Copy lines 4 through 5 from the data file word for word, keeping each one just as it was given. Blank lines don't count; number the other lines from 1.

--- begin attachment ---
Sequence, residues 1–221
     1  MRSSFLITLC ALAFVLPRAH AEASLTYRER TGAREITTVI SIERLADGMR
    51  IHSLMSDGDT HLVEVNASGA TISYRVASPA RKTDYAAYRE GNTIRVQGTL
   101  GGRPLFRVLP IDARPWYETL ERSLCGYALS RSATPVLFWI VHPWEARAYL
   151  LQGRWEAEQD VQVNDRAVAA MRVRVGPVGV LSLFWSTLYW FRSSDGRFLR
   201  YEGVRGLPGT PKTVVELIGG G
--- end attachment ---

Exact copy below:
   101  GGRPLFRVLP IDARPWYETL ERSLCGYALS RSATPVLFWI VHPWEARAYL
   151  LQGRWEAEQD VQVNDRAVAA MRVRVGPVGV LSLFWSTLYW FRSSDGRFLR